The third variable in the cycle selection algorithm is the average cycle adjust variable 40. During the operation of the dishwasher 10, the average cycle chosen by the dishwasher 10 is kept. This average cycle is used to increase the cycle selection of the dishwasher if necessary. This variable is intended to calculate the typical user habits, and will cause the machine to wash a little heavier if a borderline condition occurs between two possible cycle selections. In the preferred embodiment, the average cycle adjust variable 40 works as follows. If the average cycle is a heavy cycle, two points are added to the cycle selection equation. If a normal cycle is the average selected cycle, one point is added to the cycle selection equation.
Thirty points are added to the cycle selection equation if "starving" occurs. "Starving" can occur when there is a lot of material in the water which may cause the dishwasher pump to "starve" or not circulate the water properly. This reduces the effectiveness of the dishwasher.
The fourth variable in the cycle selection algorithm is the door openings adjust variable 42. If the dishwasher door 43 is opened more than fifteen times between washes, one point is added to the cycle selection algorithm. This variable is designed to account for the dryness of food soil on the dishes. For example, if the door 43 has been opened frequently, it can be assumed that the dishes will have varying degrees of dryness. This indicates that the controller 14 may need to choose a slightly heavier cycle if a borderline condition occurs.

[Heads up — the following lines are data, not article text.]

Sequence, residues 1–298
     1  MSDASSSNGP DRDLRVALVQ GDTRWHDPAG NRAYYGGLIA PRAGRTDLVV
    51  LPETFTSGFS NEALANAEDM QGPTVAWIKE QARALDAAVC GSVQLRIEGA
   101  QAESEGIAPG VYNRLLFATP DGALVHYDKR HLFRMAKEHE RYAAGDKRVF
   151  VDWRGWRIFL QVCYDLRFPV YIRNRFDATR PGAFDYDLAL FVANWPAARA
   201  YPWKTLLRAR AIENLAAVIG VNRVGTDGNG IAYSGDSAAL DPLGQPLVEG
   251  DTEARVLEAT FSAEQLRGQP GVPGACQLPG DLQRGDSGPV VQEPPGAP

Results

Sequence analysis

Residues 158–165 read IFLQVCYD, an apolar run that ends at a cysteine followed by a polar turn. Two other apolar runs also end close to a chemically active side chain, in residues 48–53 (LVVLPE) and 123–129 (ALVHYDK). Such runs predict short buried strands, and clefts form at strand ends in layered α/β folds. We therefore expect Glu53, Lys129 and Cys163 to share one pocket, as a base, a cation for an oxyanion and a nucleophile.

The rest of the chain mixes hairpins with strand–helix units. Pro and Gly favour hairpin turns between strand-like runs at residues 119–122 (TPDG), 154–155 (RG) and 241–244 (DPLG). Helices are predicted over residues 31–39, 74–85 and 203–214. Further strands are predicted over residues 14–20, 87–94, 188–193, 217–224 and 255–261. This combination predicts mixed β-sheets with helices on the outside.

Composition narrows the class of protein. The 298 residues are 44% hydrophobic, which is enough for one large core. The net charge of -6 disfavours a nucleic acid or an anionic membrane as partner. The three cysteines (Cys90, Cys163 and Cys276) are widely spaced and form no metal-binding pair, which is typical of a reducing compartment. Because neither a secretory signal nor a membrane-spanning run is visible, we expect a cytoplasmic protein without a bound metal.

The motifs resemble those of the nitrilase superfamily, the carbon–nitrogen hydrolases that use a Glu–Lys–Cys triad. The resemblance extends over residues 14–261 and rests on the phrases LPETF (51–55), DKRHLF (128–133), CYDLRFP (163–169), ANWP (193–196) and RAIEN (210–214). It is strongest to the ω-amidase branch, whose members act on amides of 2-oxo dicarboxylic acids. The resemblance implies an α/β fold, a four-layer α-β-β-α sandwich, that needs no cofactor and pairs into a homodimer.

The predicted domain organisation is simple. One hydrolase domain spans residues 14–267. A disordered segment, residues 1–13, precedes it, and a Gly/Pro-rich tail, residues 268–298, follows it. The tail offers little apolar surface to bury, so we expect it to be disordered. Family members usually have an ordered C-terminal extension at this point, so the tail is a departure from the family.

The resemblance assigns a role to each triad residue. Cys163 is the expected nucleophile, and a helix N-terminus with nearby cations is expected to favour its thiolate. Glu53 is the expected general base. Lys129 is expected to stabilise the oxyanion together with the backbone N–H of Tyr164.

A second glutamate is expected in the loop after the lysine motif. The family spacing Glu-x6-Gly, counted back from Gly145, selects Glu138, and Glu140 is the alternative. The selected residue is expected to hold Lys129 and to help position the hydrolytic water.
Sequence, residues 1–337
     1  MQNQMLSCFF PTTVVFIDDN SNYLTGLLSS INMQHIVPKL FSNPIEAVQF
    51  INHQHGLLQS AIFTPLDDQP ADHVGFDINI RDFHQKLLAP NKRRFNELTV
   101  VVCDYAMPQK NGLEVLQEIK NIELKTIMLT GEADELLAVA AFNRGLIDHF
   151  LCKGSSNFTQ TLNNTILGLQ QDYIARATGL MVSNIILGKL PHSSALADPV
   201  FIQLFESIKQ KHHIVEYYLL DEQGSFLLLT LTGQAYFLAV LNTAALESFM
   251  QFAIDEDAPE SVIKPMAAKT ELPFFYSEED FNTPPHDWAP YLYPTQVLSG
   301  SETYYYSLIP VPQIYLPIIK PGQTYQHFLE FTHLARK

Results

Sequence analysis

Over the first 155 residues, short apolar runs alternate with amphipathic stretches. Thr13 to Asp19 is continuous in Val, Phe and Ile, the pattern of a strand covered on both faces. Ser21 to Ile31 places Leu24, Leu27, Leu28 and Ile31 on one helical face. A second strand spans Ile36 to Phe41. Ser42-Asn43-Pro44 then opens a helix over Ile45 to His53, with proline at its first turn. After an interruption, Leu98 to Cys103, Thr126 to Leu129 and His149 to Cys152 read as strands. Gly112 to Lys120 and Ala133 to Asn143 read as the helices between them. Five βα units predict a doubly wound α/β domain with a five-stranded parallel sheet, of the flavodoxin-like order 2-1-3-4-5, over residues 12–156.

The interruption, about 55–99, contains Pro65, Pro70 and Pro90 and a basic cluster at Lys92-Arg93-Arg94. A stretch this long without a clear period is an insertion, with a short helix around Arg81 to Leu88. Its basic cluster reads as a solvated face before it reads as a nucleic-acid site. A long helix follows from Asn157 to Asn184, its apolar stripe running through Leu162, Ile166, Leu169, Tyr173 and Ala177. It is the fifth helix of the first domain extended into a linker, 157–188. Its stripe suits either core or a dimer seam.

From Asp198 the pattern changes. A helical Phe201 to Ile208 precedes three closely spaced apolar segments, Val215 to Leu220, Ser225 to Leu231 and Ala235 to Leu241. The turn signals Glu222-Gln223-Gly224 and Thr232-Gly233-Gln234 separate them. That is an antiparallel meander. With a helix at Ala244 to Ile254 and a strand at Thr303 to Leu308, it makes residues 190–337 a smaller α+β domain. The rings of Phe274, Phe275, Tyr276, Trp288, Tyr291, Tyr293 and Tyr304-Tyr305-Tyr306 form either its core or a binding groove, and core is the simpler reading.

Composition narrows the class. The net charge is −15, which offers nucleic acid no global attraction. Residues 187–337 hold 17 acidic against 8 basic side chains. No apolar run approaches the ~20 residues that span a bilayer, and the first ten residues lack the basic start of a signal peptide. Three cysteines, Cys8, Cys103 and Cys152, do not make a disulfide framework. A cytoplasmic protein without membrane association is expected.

The fifth variable in the cycle selection algorithm is the time between cycles variable 44. The dishwasher controller 14 keeps track of the amount of time between wash cycles. The time between cycles variable 44 is intended to capture the potential dryness of the food soil on dishes in the dishwasher 10. The longer that food soil has been on the dishes, the harder it is to remove. Therefore, the longer the dishwasher 10 is not run, the more points will be added to the cycle selection equation. In the preferred embodiment, if the time between wash cycles is greater than 12 hours, one point is added to the cycle selection equation. If the time between wash cycles is greater than 24 hours, two points are added to the cycle selection equation. It is readily apparent that the intent of the instant invention can also be met by utilizing different values for the variables in the equation of FIG. 3.